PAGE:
- Tariffs, and protectionism in general, can be a major boon to certain industries – including the workers within those industries. In this case, the U.S. steel industry would benefit from a 20% tariff on steel, because it means more people are buying from them instead of their competitors overseas.
You can see why the idea of tariffs can be attractive for many people.
Unfortunately, tariffs can also cause some very negative side effects. Specifically:
- Tariffs can make life more difficult for consumers, whether they be individuals, families, or businesses. That’s because higher tariffs often lead to higher prices, which in turn lead to higher expenses. For example, if companies must pay more for the steel they need, that could significantly eat into their own profits.
- Higher tariffs can lead to trade wars.
Okay, so what is a trade war, anyway?
We live in a global, interconnected world. Toss a stone into the water off one shore and the ripples can be seen near another. In this case, higher tariffs can cause some very large ripples.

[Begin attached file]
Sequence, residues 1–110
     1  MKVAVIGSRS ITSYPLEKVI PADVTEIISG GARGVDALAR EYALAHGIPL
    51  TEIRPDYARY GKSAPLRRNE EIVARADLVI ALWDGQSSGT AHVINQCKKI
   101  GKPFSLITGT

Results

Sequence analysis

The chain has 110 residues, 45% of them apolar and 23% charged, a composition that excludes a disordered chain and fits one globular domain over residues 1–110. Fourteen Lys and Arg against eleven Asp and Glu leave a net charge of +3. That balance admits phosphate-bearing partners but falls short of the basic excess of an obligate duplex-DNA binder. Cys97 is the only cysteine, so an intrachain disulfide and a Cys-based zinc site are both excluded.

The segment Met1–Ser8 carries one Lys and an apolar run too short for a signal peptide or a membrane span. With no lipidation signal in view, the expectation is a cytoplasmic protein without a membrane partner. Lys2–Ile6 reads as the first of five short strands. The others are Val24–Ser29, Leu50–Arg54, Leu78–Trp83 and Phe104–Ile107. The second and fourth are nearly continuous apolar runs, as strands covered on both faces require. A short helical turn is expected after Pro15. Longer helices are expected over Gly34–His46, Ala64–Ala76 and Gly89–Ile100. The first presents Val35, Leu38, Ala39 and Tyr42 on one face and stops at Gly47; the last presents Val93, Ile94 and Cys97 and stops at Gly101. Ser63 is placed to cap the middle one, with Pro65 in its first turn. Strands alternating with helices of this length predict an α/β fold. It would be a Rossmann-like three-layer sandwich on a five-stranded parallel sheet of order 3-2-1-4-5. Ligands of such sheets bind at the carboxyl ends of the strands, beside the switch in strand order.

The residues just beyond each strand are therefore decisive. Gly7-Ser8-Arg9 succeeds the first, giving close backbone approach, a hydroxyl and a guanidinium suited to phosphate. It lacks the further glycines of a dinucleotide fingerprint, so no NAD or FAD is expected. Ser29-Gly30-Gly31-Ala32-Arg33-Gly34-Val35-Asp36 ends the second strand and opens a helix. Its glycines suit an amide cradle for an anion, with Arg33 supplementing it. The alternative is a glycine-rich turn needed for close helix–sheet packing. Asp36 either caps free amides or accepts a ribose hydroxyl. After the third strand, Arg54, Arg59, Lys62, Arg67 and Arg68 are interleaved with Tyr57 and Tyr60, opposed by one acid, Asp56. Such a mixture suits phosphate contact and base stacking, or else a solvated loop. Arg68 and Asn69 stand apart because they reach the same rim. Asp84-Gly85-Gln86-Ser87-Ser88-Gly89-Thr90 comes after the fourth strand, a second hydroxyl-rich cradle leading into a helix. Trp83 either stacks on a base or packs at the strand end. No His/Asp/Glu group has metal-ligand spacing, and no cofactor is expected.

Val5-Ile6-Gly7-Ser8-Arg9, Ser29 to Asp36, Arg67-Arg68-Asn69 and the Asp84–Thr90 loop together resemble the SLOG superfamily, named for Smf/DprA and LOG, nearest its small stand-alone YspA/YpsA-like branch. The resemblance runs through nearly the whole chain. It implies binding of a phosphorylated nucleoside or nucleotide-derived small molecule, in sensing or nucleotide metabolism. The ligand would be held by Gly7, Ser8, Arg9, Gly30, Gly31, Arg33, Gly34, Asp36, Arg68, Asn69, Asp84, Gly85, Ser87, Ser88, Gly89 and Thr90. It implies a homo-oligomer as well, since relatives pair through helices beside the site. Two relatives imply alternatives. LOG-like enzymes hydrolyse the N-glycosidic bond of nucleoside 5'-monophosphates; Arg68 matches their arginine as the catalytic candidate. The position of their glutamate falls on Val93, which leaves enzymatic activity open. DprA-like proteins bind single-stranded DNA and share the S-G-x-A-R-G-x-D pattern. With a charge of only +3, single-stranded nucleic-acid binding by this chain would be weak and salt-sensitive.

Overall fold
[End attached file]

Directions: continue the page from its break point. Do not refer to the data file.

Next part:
When one country raises tariffs on a certain kind of product, other countries that depend on exporting that product won’t take to it kindly. As a result, those countries might retaliate by increasing tariffs on their imports, thereby harming the first country. Before you know it, tariffs become weaponized and a trade war breaks out.
Trade wars are risky things, because they can quickly jump from industry to industry. Let’s take the current situation as an example.
After President Trump announced his plan to raise tariffs on steel and aluminum, the European Union threatened to do the same to U.S. imports – everything from motorcycles to bourbon to bluejeans.3 Other countries like Japan and Canada, which are both major steel producers and important trading partners, have threatened similar measures. Should all this happen, the currents of international trade will quickly become choked. That would lead to higher prices on many goods and services, which in turn would lead to lower profits, higher costs of living, and even – potentially – higher unemployment.
Should all those things happen, the markets will surely suffer. As an investor, you don’t need me to tell you what that means.